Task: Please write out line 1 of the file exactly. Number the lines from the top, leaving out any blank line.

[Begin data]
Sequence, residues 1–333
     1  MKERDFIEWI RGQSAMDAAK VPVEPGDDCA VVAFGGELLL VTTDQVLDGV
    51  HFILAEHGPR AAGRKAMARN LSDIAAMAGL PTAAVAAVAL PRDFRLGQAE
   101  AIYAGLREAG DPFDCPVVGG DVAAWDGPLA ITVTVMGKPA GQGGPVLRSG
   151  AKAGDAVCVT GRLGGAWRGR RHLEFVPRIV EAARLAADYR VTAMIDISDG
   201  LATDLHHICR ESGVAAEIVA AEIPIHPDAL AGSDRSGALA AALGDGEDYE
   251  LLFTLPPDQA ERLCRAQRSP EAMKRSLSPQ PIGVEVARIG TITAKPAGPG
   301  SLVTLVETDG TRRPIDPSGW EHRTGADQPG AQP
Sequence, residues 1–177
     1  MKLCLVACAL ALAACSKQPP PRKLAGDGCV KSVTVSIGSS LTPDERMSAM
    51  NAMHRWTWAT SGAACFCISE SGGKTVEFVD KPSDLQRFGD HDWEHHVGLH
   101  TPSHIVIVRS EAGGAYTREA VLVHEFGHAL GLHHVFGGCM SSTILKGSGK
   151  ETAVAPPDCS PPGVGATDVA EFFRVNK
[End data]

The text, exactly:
Sequence, residues 1–333